Michelle, the most perfect human of them all, has spoken extensively on female education, saying “there is no boy at this age that is cute enough or interesting enough to stop you from getting your education,” and the same thought process applies to ex-boys too. Our fav First Lady rounds out her argument with this mic-drop quote: “If I had worried about who liked me and who thought I was cute when I was your age, I wouldn’t be married to the president of the United States.” Damn, Michelle. So yeah, you can’t move your classes around. Sorry, I don’t make the rules, Michelle does.
To really hit the *PRIORITIES* point home, I’m prescribing you Muslim Girl: A Coming of Age. You may have heard about her before, but Amani Al-Khatahtbeh founded the #1 blog for Muslim women in high school. (And you can’t even stand up to a pimply jerk at your private liberal arts college? Girl, you’re better than that.) Amani spent her time in college creating a safe space for Muslim women and fighting the Islamaphobia that is running rampant in this country—so get your shit together. Go to class, show up your ex, and focus on more important things.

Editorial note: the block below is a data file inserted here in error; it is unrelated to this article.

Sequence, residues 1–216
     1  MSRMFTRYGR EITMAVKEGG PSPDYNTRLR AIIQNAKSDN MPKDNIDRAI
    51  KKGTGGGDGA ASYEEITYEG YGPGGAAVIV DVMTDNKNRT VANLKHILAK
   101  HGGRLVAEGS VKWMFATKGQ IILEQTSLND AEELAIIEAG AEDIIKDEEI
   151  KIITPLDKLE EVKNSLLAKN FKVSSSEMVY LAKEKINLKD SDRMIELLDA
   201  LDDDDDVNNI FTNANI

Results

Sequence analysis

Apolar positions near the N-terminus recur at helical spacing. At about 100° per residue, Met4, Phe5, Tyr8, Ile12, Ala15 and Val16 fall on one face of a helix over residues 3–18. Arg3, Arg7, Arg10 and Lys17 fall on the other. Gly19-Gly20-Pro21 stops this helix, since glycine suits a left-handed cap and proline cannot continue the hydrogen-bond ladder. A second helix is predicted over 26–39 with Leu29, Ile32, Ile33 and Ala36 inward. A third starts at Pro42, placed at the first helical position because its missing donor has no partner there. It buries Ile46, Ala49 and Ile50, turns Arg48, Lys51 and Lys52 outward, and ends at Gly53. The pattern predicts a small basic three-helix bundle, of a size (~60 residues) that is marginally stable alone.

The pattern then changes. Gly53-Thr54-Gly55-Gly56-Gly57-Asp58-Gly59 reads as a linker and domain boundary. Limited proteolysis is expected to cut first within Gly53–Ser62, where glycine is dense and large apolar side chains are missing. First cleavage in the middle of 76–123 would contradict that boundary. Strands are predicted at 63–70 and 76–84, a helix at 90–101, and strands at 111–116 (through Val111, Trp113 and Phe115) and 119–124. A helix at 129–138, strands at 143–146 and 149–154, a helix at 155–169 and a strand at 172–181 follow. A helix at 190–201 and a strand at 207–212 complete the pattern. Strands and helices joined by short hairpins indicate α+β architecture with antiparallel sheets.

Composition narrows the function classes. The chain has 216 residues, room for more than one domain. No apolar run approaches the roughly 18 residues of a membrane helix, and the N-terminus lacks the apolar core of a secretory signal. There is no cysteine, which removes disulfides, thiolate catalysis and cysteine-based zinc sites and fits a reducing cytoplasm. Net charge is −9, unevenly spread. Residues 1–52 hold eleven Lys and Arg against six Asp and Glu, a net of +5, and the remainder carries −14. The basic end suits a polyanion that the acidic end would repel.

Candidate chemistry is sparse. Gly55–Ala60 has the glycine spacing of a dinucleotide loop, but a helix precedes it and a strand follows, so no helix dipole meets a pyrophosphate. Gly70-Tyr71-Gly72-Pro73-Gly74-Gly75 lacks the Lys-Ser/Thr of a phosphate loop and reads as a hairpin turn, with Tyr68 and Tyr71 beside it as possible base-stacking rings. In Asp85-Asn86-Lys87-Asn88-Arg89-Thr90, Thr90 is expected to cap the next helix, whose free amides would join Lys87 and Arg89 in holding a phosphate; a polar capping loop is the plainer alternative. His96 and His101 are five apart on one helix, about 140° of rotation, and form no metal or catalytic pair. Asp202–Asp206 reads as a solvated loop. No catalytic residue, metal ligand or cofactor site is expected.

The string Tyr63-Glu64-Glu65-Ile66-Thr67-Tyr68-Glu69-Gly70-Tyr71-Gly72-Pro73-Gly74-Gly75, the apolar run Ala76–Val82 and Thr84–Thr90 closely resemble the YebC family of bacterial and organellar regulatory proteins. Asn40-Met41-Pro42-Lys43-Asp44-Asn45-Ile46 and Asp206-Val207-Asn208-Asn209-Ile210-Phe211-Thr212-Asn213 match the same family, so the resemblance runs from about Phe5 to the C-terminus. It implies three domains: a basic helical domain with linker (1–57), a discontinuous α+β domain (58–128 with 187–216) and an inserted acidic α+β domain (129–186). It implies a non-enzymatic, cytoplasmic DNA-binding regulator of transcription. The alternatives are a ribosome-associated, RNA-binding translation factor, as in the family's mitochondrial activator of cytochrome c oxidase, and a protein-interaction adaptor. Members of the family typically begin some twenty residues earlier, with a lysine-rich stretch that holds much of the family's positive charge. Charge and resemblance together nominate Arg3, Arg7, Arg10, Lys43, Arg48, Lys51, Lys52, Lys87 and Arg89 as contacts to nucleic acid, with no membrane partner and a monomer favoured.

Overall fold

My die-hard vegetarian cousin wouldn’t stop harassing me for eating meat at Christmas! She was being so self-righteous, saying “meat is murder,” and asking if I even had a conscience. I respect that she doesn’t eat meat, but she’s so aggressive about her beliefs. I have to see her at family events fairly often—what should I do?
Where’s the Beef?
Dear Where’s the Beef?,
First of all, let’s have a moment of silence for all the bacon your cousin has missed out on.
Now let’s acknowledge the fact that there is nothing worse than peer pressure, especially from a family member. Just because someone doesn’t see eye to with you doesn’t mean they are stupid or inferior (Disclaimer: this does not apply to Trump supporters). With that in mind, the best way to deal with your cousin is to gift her The Vegetarian by Han Kang.